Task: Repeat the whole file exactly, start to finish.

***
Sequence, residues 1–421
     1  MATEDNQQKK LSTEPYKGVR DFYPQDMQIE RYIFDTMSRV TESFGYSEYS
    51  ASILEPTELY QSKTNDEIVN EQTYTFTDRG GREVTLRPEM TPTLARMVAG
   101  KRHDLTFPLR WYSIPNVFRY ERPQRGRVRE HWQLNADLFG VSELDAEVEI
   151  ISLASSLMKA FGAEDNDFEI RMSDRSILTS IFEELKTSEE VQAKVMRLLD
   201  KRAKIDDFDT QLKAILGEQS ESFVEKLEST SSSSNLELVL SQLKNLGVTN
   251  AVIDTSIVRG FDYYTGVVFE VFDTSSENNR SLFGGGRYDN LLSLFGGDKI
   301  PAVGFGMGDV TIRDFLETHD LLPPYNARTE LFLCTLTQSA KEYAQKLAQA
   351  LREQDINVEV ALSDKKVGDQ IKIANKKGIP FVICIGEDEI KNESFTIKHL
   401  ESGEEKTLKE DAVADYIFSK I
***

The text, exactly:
Sequence, residues 1–421
     1  MATEDNQQKK LSTEPYKGVR DFYPQDMQIE RYIFDTMSRV TESFGYSEYS
    51  ASILEPTELY QSKTNDEIVN EQTYTFTDRG GREVTLRPEM TPTLARMVAG
   101  KRHDLTFPLR WYSIPNVFRY ERPQRGRVRE HWQLNADLFG VSELDAEVEI
   151  ISLASSLMKA FGAEDNDFEI RMSDRSILTS IFEELKTSEE VQAKVMRLLD
   201  KRAKIDDFDT QLKAILGEQS ESFVEKLEST SSSSNLELVL SQLKNLGVTN
   251  AVIDTSIVRG FDYYTGVVFE VFDTSSENNR SLFGGGRYDN LLSLFGGDKI
   301  PAVGFGMGDV TIRDFLETHD LLPPYNARTE LFLCTLTQSA KEYAQKLAQA
   351  LREQDINVEV ALSDKKVGDQ IKIANKKGIP FVICIGEDEI KNESFTIKHL
   401  ESGEEKTLKE DAVADYIFSK I